• A not so unknown Canadian act, Arcade Fire, broke ground in producing an interactive music video for their track “We Used to Wait” (AKA ‘The Wilderness Downtown’) with a global partner also wanting to tout a new release to a young audience – Google. The interactive experience takes the viewer on a location-based audiovisual journey culminating in a surprise visit to their personal childhood home. The project found common interests between the release of their album The Suburbs and Google’s desire to shine a light on the advanced HTML5 features of its then-new Chrome browser. Arcade Fire won new attention from tech fans and Google’s massive audience, while Google gained credence from a young audience and cool cachet.
  • Tanya Tagaq’s Polaris Prize victory brought her international attention last year. While Tagaq began her music career as a throat singer in Björk’s band, she had over ten years of experience as a solo performer when she was selected live at the Polaris Panel gala by a team of eleven journalists. The win led to her first stories in Rolling Stone, Pitchfork and Stereogum, and subsequent coverage of future projects as well. Her story illustrates how artists who build their groundwork via Canada’s networks of venues and festivals can use a well-respected, well-publicized awards program as a catapult to higher levels of media attention and audience development.

These examples show that music discovery and findability are critical. While prominent retail display used to be the gold standard for music promotion, today’s lack of physical product means a multiplicity of strategies become necessary to encourage listeners to try out new artists or musical releases. In responding to these new realities, music industry professionals are finding they need to continuously gain new skills and keep on top of ever-changing technologies – meaning they’re now not only tasked with understanding their artists and their audiences, but also the latest algorithms.

So how do music professionals keep on top of music marketing?
Some of the preferred strategies include:

  • Artist co-sign – e.g. Drake tweeting about the Weeknd early in his career.
  • Branded marketing – e.g. artists capitalizing on having their music placed in commercial campaigns, with a brand wanting to reach the demographics of the artist’s audience.
  • Front-page promotion – e.g. on services like Spotify, Apple Music and Rdio.
  • Digital promotion platforms specific to regions – e.g. “Live toune” is a digital platform for the Quebec music industry, whereby fans attend concerts and see clips of their favourite performances.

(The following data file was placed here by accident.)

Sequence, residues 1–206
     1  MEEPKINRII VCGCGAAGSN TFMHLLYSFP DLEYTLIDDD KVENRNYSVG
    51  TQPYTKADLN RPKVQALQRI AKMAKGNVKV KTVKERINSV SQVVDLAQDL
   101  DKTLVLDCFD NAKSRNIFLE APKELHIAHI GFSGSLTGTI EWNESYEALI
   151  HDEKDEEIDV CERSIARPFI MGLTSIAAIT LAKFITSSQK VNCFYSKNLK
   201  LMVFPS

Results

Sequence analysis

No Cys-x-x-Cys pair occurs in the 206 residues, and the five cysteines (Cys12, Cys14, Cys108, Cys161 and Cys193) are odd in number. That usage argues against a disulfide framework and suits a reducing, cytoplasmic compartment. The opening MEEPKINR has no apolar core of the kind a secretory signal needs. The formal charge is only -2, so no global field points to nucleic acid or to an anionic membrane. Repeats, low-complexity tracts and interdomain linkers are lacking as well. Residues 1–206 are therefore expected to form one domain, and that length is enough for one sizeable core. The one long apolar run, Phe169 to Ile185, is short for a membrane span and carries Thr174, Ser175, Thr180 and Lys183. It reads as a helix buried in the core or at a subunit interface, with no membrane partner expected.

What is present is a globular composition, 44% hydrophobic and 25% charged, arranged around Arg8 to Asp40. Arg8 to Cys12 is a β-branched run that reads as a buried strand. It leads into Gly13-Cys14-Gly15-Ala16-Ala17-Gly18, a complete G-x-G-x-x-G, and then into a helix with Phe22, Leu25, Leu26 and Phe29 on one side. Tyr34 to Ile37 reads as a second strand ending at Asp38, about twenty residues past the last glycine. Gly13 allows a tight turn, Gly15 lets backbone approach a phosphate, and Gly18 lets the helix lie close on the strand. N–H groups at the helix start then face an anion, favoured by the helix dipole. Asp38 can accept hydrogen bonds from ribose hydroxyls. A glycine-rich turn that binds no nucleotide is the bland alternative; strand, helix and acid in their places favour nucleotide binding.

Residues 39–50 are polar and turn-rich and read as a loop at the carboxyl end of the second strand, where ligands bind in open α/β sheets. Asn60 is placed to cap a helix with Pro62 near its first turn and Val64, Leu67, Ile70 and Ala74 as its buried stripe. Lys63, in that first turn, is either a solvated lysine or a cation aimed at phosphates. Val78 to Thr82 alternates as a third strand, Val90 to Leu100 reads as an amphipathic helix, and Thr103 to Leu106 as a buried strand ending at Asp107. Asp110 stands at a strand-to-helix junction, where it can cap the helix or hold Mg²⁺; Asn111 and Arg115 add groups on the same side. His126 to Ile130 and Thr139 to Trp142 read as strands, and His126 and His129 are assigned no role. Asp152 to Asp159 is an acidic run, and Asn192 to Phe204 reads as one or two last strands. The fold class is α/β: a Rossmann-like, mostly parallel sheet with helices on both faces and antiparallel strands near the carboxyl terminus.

• Inclusion in playlists – e.g. genre- and activity-themed playlists in services like Songza, Spotify and YouTube. Canada’s own Caribou released “The Longest Mixtape – 1000 Songs For You” on YouTube, to share with his fans some of the artists and songs that have had an impact on him.
  • Ease-of-search – e.g. artists with unique spellings are much easier to find via text search. Alvvays and Lunice will be found within one search, while listeners are more likely to give up before finding Women (Calgary) or “The Band.”


About the author

Peter Lyman is a founding principal of Nordicity, and its Senior Partner. Although he has zero musicPeter Lyman aptitude – except as a mediocre snare drummer in a marching band in his youth – he has consulted in the music industry at Nordicity for the last three decades, from music channel licencing at the CRTC to music publishing report completed for Canadian Heritage earlier this year. He fully supports Nordicity’s quest to build its global leadership in music economics, business practices, policy alignment and remains personally determined to master the mysteries of best practices in the music and other creative sectors.

Nordicity has experience analysing the Canadian music industry both nationally and regionally and has worked on strategic planning for clients including the Canadian Independent Music Association and Manitoba Music. In association with Capital Culture, Nordicity is continuing research on how Canadian music can take advantage of new tools.